On a warm and sunny Saturday morning, Melinda watches as arborists come to cure the sick tree outside her house by trimming off its dead branches. The scene becomes horrific, however, as Melinda imagines that the tree’s sap is like blood, and that the chainsaw being used to cut the branches is killing it.
Melinda identifies with the tree, just as she did with the dissected frog. Although she intellectually knows that the arborists are saving the tree, she cannot help but feel violated by their actions.
Disgusted by her father, who is pretending to know more about the tree-pruning process than he does, Melinda takes her bike out and rides away, although she doesn’t remember the last time she was on a bike.
As usual, Melinda finds her father ridiculous and hypocritical. Her decision to ride her bike again shows her newfound energy and initiative.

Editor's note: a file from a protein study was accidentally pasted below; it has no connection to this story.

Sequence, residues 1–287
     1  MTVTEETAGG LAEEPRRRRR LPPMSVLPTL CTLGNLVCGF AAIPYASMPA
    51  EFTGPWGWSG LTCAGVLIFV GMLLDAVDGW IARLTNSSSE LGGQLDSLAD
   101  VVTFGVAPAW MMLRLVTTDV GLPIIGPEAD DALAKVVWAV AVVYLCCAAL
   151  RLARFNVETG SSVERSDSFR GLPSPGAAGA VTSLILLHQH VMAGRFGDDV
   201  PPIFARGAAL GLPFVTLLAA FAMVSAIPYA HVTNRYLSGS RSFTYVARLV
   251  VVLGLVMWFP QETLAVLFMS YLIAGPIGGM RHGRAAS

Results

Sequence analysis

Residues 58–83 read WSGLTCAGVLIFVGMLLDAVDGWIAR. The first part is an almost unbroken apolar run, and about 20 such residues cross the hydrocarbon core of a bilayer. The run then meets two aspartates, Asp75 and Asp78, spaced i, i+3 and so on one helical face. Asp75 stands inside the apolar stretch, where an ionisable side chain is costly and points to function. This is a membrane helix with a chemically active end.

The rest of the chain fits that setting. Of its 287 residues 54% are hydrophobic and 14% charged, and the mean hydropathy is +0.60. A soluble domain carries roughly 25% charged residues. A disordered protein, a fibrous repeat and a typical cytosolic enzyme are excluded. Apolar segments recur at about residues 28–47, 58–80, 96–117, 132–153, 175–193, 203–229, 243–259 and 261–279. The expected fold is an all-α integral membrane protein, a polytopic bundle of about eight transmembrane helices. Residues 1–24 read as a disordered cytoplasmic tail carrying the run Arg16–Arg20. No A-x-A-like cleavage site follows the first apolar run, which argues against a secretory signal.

Melinda bikes to the barn where the party took place, and walks to the tree-filled spot where she was raped. Her heart pounds as she stands on the spot, crouching by a tree’s trunk and feeling its bark. She feels as if she has been “undersnow” for a long time, and wonders how she can ever be revived. Reminding herself that she has “survived,” she wonders whether she can cut out the sick part of her soul with a chainsaw. Putting her fingers into the dirt, she imagines a “small, clean part of me” that is waiting “to warm and burst through the surface.” She imagines that her old self is like a seed that she must cultivate.
Melinda’s decision to revisit the place where she was raped represents a huge step forward for her. Months ago, she couldn’t even admit to herself what happened; now she is standing on the spot where her trauma took place. As Melinda communes with the plants and the ground, she imagines herself as a seed peeking through the snow. Although a terrible event took place on this spot, Melinda is able to reclaim it using images of healing, fertility, and rebirth.